Background: The mechanisms underlying antiandrogen withdrawal syndrome (AWS) and alternative antiandrogen therapy (AAT) effectiveness were assumed to be mutations in the androgen receptor (AR), which resulted in an altered response to antiandrogens. The aim of the present study was to test this assumption using the novel prostate cancer xenograft model KUCaP-1 harboring the W741C mutant AR (Yoshida et al., Cancer Res 2005; 65(21): 9611-9616).
Methods: Mice bearing xenograft tumors were castrated, and the long-term sequential changes in tumor volume were observed. To determine whether AWS was observed in this model, bicalutamide (BCL) was orally administered to the castrated mice and then withdrawn. The effect of flutamide (FLT) on the W741C mutant AR was examined with transactivation assays in vitro and with the oral administration of FLT to non-castrated mice harboring KUCaP-1 in vivo. The AAT efficacy against KUCaP-1 was evaluated by changing BCL with FLT.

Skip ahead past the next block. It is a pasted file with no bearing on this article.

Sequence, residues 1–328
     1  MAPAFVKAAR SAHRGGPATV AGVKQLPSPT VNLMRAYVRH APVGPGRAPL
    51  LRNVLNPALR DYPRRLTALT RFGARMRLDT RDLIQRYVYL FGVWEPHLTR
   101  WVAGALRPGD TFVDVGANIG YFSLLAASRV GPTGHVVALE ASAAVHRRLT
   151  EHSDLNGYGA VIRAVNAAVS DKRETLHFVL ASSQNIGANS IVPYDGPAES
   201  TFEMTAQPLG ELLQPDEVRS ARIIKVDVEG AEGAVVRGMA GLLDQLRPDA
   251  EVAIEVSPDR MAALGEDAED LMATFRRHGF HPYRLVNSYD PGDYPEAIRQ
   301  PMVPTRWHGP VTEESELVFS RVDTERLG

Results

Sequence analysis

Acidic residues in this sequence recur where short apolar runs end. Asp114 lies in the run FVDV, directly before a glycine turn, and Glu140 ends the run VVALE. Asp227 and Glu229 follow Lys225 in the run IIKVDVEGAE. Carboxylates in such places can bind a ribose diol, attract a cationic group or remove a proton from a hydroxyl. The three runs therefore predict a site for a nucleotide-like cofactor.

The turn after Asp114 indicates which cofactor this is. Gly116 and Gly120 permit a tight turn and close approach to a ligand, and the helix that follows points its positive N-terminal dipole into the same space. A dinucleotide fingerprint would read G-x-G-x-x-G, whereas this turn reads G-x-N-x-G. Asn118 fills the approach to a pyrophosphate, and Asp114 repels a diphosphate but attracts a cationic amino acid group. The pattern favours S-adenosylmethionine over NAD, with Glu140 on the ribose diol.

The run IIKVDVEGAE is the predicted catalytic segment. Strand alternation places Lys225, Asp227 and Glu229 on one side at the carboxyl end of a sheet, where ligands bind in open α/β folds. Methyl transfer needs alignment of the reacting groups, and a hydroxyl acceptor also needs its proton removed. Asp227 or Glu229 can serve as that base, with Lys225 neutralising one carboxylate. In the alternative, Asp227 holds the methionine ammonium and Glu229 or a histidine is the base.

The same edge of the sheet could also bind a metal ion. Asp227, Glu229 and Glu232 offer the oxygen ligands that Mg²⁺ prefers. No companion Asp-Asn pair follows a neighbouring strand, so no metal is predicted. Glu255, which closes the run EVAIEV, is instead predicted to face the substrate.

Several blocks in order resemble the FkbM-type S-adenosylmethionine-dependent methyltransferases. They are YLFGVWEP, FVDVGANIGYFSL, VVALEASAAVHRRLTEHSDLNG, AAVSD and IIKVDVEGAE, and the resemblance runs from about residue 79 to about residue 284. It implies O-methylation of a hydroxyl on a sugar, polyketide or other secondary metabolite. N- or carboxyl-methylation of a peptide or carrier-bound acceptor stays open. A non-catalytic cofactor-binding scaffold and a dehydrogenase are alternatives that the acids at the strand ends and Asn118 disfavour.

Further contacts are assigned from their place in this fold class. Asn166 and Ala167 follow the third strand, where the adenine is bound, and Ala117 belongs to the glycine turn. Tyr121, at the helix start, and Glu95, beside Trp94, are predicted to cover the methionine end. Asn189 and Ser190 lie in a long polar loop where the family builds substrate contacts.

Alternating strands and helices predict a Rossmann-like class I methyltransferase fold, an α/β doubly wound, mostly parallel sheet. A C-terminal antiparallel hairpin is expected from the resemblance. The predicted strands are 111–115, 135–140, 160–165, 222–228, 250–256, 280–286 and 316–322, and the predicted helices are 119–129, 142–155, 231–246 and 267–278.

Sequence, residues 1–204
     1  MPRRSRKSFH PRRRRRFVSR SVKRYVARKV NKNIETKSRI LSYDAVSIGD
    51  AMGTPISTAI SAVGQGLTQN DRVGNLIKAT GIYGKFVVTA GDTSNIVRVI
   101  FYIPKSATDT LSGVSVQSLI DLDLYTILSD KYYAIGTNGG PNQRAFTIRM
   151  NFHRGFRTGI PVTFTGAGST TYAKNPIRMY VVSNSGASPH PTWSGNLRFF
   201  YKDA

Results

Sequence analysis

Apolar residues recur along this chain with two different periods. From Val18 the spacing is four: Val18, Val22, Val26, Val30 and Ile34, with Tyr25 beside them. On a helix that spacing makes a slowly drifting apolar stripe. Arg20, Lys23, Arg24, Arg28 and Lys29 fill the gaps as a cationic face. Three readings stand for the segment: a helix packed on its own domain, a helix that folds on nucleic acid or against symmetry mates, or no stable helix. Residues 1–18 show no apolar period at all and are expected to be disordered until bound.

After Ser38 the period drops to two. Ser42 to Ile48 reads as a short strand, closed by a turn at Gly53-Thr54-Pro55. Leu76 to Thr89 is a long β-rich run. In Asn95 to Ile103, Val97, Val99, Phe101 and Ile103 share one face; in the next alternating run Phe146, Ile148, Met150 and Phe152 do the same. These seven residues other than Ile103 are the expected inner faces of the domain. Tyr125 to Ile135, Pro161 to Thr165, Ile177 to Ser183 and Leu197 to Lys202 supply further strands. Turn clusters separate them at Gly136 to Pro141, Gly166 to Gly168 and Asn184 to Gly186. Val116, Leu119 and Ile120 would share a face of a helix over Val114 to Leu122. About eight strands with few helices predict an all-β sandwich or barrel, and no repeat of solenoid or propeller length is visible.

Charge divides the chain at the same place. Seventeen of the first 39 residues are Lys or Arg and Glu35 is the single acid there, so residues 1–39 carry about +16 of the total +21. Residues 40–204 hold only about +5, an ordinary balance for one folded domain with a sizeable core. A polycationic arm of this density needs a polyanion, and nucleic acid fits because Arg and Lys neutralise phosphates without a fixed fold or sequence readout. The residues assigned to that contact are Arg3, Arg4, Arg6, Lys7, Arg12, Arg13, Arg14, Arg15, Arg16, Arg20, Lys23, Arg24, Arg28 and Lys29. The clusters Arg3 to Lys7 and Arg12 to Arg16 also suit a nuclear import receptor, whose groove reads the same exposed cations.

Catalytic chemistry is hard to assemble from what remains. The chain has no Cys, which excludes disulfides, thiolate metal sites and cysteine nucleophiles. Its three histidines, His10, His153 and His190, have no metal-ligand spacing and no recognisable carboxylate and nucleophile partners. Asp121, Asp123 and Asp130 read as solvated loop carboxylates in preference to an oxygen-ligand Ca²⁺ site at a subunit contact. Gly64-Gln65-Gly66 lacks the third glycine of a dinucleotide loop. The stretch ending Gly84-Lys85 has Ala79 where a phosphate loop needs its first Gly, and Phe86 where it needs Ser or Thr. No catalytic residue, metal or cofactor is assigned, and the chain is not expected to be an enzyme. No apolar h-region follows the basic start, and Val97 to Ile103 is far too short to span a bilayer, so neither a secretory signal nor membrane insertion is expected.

Results: KUCaP-1 regressed significantly after castration and did not re-grow. KUCaP-1 treated with BCL continued to grow even after castration and started regressing 2 months after BCL withdrawal, replicating clinically recognized AWS. The antagonistic effect of FLT against the W741C mutant AR was revealed in vitro and in vivo. AAT with FLT suppressed tumor growth after BCL withdrawal.
Conclusions: KUCaP-1 was an entirely androgen-dependent xenograft and mimicked the clinical phenomena of AWS and AAT caused by the agonistic and antagonistic activity of BCL and FLT, respectively. KUCaP-1 could be an in vivo model for screening novel antiandrogens for the treatment of BCL resistant prostate cancer harboring the W741C mutation in the AR.
Copyright 2009 Wiley-Liss, Inc.